Margaret Thatcher Invented Soft Serve Ice Cream, Basically

Much has been said about Margaret Thatcher today as news broke that one of recent history’s most iconic and controversial political figures had died, and Thatcher was mostly remembered for her effects on modern politics in the UK — but did you know that Thatcher sort of invented soft serve ice cream?

Margaret Thatcher’s contribution to soft serve ice cream and science is a bit of buried lore, resurrected upon her death. And while the effects of conservative politics on the direction of the modern era are continually debated, what is not nearly as controversial is the supreme brilliance of a vanilla ice cream cone — for which we may have Margaret Thatcher to thank.

Thatcher was not always a politician, and in her earlier career, the future PM was a chemist at Oxford. In the 50s, Thatcher was tasked with a challenge that led to a revolution in frozen dairy desserts … and we all know how that turned out.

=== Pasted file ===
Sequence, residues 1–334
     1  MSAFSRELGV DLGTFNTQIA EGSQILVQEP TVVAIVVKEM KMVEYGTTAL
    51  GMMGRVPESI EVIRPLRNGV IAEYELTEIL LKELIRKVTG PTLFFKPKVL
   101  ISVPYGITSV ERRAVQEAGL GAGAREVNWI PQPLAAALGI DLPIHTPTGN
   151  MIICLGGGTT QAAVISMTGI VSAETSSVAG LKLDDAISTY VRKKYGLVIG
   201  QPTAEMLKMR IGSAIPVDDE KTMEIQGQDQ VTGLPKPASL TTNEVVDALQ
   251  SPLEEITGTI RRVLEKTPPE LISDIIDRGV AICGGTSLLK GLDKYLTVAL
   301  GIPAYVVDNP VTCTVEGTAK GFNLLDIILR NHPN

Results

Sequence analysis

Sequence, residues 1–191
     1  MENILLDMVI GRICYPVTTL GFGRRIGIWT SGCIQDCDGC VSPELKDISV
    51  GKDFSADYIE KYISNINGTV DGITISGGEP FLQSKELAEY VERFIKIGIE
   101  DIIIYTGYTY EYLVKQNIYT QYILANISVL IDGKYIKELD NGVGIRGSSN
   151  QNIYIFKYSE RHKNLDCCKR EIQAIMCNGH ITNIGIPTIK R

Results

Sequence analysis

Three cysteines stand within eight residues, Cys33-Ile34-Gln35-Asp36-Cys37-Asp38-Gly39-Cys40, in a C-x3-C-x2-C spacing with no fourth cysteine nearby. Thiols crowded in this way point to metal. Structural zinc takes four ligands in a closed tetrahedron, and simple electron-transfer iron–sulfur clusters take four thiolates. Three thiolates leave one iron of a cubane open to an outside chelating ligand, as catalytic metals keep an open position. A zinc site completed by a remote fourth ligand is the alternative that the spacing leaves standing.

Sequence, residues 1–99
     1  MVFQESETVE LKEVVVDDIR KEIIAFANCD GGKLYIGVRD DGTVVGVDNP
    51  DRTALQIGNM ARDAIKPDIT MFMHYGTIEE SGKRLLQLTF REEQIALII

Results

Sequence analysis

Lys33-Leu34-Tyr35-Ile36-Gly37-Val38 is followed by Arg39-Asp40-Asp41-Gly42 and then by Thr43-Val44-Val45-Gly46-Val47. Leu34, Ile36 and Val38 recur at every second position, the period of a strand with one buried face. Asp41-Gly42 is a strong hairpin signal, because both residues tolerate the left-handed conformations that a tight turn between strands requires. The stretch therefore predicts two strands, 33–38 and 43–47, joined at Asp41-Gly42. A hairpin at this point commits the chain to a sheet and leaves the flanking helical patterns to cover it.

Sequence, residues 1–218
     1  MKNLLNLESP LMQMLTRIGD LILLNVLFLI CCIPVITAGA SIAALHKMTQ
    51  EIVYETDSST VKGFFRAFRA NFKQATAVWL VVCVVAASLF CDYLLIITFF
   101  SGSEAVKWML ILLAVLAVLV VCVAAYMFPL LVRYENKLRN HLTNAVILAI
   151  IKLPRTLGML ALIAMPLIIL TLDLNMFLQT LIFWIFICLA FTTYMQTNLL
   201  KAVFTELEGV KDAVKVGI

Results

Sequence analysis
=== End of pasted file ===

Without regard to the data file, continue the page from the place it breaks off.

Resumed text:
Thatcher graduated Oxford in 1947, and soon began work on revolutionizing soft serve. (Brits call it “soft scoop,” which is typical of their linguistic weirdness considering there is no scoop involved, that is the whole freaking point here.)

According to The Atlantic, Thatcher soon managed to work up a solution to enable the development of soft serve, or soft scoop:

“Thatcher’s task in that [chemist] role? To figure out a way to whip extra air into ice cream using emulsifiers — so that the ice cream could be manufactured with fewer ingredients, thereby reducing production costs. (And so that, additionally, the dairy-y result could flow from a machine rather than being scooped by hand.) She being Margaret Thatcher, she found that way. And her work resulted, ultimately, in the swirly stuff we know today as soft serve.”

margaret thatcher dies

Reaction to Thatcher’s legacy in soft serve has been remarkably more across the board positive than for her political career:

Does the invention of soft serve soften your view of the recently deceased Margaret Thatcher?